• The Portuguese Port (66M€), of which the French became the first consumers in the world on the occasion of the lockdown. In front of Portugal!

There remains a dynamic and diversified market of 550M€, divided between other European wines and wines from the new world!

The purchasing habits of these wines of the world are specific to each consumption situation.

Uses driven by community restoration

Raphaël Herbert, head of the C10 Wines division, one of the French leaders in the distribution of beverages in the catering trade, confirms that French consumption of world wines is driven by “theme cuisine”. These are restaurants serving national cuisine, which account for 15% of the sector.

Who doesn’t know the Nero D’Avola of the pizzeria in their neighborhood? Restaurants specializing in Italian gastronomy are the main promoters of Italian wines in France. The same goes for Spanish restaurants for Rioja or RiberadelDuero wines. Argentinean restaurants for the Malbecs of Mendoza. Portuguese restaurants for Douro and Dao wines.

Curiously, only American restaurants escape this rule, despite the growing interest of the French in Californian wines. The problem here lies more in the absence of American gastronomy!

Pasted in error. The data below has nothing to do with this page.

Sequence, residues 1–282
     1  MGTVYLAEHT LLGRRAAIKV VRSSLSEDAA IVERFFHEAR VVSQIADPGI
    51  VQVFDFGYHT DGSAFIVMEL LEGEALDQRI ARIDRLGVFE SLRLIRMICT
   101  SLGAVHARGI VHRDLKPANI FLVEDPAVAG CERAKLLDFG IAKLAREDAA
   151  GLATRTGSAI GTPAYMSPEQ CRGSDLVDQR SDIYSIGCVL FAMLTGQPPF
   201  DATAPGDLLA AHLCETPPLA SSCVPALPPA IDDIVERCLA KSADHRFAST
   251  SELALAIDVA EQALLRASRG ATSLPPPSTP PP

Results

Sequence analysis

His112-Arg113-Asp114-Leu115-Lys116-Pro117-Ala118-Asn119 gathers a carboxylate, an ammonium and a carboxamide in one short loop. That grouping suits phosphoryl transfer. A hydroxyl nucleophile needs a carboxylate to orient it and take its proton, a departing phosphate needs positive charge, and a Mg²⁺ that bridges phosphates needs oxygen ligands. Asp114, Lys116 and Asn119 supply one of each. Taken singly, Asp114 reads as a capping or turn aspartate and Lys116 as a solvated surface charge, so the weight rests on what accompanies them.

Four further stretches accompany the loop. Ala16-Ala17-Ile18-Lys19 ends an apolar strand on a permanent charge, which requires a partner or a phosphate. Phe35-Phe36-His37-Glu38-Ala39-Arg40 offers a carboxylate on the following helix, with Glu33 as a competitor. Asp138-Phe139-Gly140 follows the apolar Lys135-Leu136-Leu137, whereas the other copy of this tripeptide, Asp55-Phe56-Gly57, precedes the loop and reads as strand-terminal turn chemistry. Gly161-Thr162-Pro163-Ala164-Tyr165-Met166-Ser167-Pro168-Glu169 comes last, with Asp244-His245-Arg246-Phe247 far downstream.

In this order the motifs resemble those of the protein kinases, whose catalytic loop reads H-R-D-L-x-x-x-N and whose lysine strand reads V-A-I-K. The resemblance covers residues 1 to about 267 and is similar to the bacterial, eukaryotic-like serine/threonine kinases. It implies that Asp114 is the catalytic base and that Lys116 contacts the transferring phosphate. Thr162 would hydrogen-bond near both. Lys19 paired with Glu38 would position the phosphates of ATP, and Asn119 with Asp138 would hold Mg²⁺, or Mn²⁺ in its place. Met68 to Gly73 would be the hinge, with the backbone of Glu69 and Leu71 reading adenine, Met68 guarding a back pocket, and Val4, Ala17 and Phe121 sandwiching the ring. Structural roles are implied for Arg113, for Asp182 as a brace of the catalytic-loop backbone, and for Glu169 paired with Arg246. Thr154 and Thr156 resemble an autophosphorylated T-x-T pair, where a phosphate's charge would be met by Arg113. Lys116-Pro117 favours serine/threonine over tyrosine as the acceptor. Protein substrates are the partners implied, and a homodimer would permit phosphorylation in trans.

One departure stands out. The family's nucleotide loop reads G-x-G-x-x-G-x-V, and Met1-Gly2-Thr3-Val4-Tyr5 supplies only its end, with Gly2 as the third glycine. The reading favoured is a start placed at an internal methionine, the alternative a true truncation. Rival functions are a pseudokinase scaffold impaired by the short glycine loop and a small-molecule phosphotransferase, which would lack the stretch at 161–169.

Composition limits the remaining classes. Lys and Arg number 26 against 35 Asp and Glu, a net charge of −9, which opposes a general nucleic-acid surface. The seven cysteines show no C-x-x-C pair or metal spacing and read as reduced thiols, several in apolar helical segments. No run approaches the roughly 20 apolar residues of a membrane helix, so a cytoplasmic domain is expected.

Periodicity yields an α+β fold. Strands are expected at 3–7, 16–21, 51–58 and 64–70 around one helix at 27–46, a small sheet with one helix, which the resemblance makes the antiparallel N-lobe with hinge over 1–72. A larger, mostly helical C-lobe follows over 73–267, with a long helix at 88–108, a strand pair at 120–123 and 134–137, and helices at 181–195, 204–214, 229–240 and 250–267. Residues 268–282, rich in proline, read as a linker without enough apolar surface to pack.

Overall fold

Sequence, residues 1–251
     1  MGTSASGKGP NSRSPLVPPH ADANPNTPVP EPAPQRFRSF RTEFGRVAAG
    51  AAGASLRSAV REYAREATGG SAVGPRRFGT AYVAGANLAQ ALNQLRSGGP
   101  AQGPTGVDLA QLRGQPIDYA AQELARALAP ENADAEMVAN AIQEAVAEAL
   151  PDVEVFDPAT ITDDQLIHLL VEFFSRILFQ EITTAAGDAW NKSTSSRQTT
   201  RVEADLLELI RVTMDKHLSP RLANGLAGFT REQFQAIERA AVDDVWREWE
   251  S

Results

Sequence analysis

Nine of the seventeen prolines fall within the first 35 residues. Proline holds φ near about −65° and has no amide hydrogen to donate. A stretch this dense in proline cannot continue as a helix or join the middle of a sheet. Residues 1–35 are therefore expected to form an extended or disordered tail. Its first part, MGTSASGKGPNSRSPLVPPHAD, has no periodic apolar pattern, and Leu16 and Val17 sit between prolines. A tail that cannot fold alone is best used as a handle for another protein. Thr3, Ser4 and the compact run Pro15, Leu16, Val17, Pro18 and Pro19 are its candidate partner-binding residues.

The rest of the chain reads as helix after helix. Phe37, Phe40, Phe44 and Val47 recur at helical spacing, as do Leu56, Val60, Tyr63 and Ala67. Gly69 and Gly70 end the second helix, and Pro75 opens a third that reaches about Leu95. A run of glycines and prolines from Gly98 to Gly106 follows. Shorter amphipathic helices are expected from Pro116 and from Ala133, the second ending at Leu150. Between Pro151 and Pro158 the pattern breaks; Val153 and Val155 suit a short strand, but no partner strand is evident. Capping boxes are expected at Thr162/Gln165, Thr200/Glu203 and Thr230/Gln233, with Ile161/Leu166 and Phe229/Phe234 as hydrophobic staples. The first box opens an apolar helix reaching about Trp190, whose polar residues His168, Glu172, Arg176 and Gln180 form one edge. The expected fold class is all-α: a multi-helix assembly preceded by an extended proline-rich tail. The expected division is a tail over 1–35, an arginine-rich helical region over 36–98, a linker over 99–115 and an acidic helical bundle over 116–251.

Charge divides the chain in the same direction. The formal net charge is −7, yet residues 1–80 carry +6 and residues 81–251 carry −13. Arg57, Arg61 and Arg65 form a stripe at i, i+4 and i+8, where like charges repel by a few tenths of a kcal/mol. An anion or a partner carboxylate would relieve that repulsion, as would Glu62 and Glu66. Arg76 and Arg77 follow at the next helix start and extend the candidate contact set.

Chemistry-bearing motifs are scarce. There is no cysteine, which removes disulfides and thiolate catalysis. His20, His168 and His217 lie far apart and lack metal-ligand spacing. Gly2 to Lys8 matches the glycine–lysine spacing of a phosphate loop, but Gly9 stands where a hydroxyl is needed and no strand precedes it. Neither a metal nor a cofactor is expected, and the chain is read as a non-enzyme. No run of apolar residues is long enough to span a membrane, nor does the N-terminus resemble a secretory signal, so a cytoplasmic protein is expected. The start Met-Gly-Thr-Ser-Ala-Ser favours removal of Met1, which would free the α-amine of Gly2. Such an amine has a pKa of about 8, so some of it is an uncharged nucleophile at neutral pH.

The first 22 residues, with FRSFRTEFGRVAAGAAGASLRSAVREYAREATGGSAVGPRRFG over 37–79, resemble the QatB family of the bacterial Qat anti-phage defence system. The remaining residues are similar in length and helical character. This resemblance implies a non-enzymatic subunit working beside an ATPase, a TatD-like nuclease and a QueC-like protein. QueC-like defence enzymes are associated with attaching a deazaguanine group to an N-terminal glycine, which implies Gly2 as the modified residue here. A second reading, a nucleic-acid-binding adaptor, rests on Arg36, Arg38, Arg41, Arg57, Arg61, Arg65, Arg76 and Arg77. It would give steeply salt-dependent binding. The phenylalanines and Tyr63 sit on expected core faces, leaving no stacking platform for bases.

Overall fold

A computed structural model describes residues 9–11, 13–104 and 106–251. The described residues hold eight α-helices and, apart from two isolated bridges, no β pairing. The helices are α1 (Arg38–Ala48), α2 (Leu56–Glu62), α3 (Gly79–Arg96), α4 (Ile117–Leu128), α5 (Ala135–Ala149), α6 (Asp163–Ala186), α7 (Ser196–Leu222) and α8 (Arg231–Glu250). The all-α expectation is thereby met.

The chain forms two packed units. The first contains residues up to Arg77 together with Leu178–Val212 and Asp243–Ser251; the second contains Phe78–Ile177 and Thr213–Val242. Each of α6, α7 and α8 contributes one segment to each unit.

The success of wine by the glass in bars

In wine bars, breweries and other drinking establishments, the success of wine by the glass stimulates the consumption of foreign wines because it encourages discovery. Easier to take a risk for a 4€ glass of wine than for a 25€ bottle, isn’t it?

wine by the glass in wine bar

New wine packaging techniques allow restaurateurs to offer more wine by the glass. This offer allows them to increase the profitability of the open bottle by 20%. For the consumer, it is an opportunity to discover new wines. Especially foreign wines, which open up new horizons.

In his interview in our columns, Jean-Luc Soubie analyzed that the market for world wines in the restaurant business was driven by two categories of consumers :

  • A young, connected and traveling public. The existence of an affordable offer of wine by the glass allows them to take the plunge and embark on the discovery of distant wines. These young people are also influencers, capable of creating trends via their community and social networks.
  • An audience of executives, with greater purchasing power and greater experience of wine. Their work and family life have led them to travel. They bring back from these travels experiences of tasting wines from around the world that they wish to maintain and make discover in France.

Wine merchants, in search of originality

The percentage of world wines bought in local wine merchant networks is very irregular. It depends a lot on the tastes of the cellar manager. If he is interested in foreign wines, he will tend to offer them to his customers, all the more efficiently as he knows how to present them. If, on the contrary, the cellar manager is more interested in alternative French winemakers, he will direct them more towards them.